- risk management - companies fear employees misrepresenting the company, sharing confidential information, or exposing compone networks to viruses

- traditional marketing mindset - these companies are still in a push marketing mode where they control the message

I believe we will see a shift in B2B adoption of digital media to tell their story as we move through the next couple years.  The economy is slowly turning, as evidenced by the increased attendance at NAB this year vs. 2009.  I think we are also seeing other indicators (i.e., strong earnings reports, flat unemployment, upward movement in the stock market).

Yes, it takes time to define a digital media strategy.  However, your customers are spending more time online researching, learning and comparing solutions.  You need to be memorable and share your story in a meaningful way.  You need to reach out to your customers via the channels that they use (and the "millennials" are visual and social). 

What's your perspective?



Is Video Social and do we need to Manage these Digital Assets?

Peggy Dau - Monday, January 11, 2010

In early December, I participated in a webinar hosted by North Plains.  The focus of the webinar was about video, social networking and digital asset management.  I want to thank Joshua, George and Robin at North Plains for inviting me to join a discussion that started with basic question.  Is Video Social?

There are two ways that we can interpret this question.  The first is that video tells a story.  The story can be a comedy, a drama, a sporting event, a news topic or a personal moment.  Regardless of the medium by which the video is viewed (TV, PC, cell phone), the story incites a response.  This is the social aspect of the video.  Back in the old days, we had informal chats in the coffee room or by the water cooler to laugh about the latest Seinfeld episode or to exault about the Yankees latest win.  Today, these thoughts and comments are posted and shared in online communities.  We share our stream of consciousness with our friends and colleagues, enjoying the socialization that evolves.

The other perspective is that unless the video is interactive (i.e., video conferencing) it is not inherently social.  Social implies a two way conversation with give and take between the parties.  However, this perspective is weak as their is not requirement for social networking to be accomplished in real-time.  Social discussion can take place over a period of minutes, hours and days.  So, we can agree that video is social.

If video is social, do we need to manage it as we manage our other video assets?  Up until now, Digital Asset Management (DAM) vendors have provided solutions to manage the process (aka workflow) surrounding the creation, storage, repurposing and distribution of Digital Media.  Digital Media is the assortment of photos, audio files, video clips, animations, computer graphics or banner ads created, owned or licensed by a company.  The uses of these assets may be for internal or external purposes.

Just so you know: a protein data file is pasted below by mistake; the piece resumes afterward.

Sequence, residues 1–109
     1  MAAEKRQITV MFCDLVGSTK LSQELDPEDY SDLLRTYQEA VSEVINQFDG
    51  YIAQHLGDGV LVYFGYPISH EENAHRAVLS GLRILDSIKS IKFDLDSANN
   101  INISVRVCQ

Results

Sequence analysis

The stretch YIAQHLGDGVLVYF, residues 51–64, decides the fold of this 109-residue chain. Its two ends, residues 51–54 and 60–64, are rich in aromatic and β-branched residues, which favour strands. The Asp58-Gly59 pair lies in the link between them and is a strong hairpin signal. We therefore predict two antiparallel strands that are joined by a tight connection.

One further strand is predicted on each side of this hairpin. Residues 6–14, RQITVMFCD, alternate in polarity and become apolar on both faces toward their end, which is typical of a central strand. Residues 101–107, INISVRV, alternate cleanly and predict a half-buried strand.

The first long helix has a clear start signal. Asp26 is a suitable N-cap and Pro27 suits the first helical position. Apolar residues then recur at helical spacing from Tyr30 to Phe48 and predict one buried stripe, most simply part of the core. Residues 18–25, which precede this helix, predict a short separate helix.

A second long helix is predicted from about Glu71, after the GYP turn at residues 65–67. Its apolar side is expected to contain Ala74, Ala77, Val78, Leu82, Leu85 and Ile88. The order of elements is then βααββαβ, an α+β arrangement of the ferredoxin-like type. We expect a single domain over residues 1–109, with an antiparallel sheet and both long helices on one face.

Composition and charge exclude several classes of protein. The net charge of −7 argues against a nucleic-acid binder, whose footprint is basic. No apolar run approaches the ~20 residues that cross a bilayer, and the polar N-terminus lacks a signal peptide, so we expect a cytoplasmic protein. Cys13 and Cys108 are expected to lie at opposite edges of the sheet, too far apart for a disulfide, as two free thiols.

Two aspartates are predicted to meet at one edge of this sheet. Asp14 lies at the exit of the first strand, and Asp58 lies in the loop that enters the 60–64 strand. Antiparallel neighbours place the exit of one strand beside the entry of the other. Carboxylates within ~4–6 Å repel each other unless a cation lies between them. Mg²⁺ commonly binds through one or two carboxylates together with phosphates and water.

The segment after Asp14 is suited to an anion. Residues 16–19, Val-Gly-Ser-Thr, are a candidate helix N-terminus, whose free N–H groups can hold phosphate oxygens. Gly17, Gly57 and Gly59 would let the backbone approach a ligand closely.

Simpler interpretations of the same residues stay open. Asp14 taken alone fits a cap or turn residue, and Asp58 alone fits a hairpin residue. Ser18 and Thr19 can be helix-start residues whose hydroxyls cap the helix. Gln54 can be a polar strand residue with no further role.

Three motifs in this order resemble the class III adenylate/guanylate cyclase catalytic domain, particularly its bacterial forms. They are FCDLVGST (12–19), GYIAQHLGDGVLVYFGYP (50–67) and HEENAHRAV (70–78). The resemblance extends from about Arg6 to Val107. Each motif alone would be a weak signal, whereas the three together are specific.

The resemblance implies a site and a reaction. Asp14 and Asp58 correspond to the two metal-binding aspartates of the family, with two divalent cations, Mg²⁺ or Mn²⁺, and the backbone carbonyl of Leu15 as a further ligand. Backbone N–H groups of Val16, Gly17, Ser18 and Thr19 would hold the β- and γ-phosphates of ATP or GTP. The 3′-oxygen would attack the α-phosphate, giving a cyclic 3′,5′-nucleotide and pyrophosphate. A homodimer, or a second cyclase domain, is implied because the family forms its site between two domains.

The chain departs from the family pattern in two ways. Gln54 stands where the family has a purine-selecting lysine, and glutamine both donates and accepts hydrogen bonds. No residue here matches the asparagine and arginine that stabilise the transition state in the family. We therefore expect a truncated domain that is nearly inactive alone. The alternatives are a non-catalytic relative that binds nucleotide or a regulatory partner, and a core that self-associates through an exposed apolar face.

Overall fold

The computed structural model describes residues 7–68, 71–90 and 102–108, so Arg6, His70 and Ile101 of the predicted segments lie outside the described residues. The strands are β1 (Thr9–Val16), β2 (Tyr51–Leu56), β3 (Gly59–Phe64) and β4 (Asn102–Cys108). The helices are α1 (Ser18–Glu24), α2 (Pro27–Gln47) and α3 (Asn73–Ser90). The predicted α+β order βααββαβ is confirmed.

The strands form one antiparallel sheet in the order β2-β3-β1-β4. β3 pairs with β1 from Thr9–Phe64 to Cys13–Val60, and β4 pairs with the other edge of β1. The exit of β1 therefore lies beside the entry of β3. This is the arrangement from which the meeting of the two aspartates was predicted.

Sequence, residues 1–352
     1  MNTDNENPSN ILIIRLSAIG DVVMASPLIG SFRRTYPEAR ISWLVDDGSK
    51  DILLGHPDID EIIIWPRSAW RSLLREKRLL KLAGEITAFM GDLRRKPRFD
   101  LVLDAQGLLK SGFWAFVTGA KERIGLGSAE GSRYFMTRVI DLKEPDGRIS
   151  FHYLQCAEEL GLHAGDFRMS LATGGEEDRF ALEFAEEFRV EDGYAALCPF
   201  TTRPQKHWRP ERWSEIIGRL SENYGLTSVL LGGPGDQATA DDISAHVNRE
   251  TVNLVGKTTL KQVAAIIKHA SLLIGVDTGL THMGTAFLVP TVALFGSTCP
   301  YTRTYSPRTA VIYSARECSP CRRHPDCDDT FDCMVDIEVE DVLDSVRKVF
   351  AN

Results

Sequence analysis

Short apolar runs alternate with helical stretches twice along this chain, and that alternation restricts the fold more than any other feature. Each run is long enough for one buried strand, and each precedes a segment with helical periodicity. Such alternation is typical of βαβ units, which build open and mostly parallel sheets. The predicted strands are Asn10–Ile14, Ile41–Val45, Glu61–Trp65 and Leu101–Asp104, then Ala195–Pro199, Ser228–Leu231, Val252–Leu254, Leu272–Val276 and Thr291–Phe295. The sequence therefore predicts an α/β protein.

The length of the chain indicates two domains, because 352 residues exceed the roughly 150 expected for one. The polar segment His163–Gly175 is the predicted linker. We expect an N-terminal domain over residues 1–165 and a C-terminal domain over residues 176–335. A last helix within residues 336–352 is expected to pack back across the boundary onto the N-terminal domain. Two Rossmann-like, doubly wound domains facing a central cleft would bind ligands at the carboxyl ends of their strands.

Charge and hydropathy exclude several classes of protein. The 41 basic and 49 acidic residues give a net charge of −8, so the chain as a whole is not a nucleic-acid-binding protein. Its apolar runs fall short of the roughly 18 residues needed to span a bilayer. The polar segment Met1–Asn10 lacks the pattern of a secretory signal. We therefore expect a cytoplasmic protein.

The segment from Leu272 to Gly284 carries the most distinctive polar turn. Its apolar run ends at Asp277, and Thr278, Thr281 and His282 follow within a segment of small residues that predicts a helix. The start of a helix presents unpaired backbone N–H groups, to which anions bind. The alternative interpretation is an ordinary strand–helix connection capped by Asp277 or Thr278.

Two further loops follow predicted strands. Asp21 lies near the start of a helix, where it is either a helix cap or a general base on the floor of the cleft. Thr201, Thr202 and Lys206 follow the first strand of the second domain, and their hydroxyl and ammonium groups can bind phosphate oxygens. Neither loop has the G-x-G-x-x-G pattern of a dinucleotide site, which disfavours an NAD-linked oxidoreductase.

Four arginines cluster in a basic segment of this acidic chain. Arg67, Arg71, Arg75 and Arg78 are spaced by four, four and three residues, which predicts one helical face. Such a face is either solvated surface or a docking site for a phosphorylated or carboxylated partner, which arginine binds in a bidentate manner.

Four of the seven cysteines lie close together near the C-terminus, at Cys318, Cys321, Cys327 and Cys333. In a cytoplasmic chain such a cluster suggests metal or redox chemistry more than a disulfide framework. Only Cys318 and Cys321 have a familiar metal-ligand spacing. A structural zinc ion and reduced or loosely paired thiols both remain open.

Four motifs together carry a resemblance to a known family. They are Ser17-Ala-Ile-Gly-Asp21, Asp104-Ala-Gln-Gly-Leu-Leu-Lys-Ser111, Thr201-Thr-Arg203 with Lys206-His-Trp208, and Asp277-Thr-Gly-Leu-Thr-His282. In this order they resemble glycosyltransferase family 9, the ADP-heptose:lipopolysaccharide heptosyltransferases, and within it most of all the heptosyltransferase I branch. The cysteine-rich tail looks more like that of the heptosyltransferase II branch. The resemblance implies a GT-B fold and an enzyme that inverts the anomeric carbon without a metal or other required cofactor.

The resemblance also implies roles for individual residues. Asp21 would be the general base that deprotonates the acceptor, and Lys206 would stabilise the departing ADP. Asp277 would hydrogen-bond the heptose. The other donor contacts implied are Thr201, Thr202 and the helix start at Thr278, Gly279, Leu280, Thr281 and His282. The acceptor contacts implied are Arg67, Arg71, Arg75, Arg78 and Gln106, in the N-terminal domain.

Up until now, most of the video addressed by DAM vendors was created by "professionals", meaning the studio, broadcaster, agency or enterprise itself for their purposes depending on their business model or business goals.  However, as video has become "social" it has become less professional and is created by individuals.  How does these businesses incorporate user generated or employee generated content into their DAM system?  The DAM is supposed to be the key to managing their digital assets.

In the end, it comes down to policy and governance.  As we move forward and the creation and capture of video becomes easier and less expensive, there will be increasing amounts of non-professional content used by businesses.  In fact, many are already inviting it (i.e., Doritos).  As companies move forward in using video to educate, entice, inform and entertain, they will need to consider guidelines about how the content will be used, who will see it, how it will be distributed, how and where it will be stored, how it will be consumed, etc.  These companies will need to establish guidelines and educate their content creators and digital asset managers on how to incorporate social video into their DAM systems.

So, yes video is social.  Video will become more casual just as social networking became a more informal method of communicating.  Check out further perpsectives from this North Plains webinar.

What's your perspective?



The Enterprise is a Broadcaster

Peggy Dau - Wednesday, November 25, 2009

Many of us grew up with the Big 3 Broadcasters:  CBS, NBC and ABC.  When we hear the term broadcast, we immediately think of news and entertainment programs offered by these networks.  We have adapted to include FOX, CW and the myriad of cable networks providing news 24x7, entertainment and education programming.  However, I don't think think that many us actually think about enterprise companies broadcasting.  But, they do!

The volume of content being created and shared, live and on-demand, by corporations is increasing dramatically.  IDC's White Paper, Best Practices for Enterprise Content Delivery, estimates that employees are watching an average of 2 hours of video per month.  Initially, only very large companies could implement video streaming.  They were driven by a desire for consistent executive communication to employees.  They faced high production costs and high networking costs due bandwidth requirements.  However, they saw the benefit of enterprise video.  As companies became more geographically dispersed, video solutions provided alternatives for excecutive communication, training, product promotion, investor relations and customer service.  Large companies soon realized they could not exist without a variety of video-centric solutions.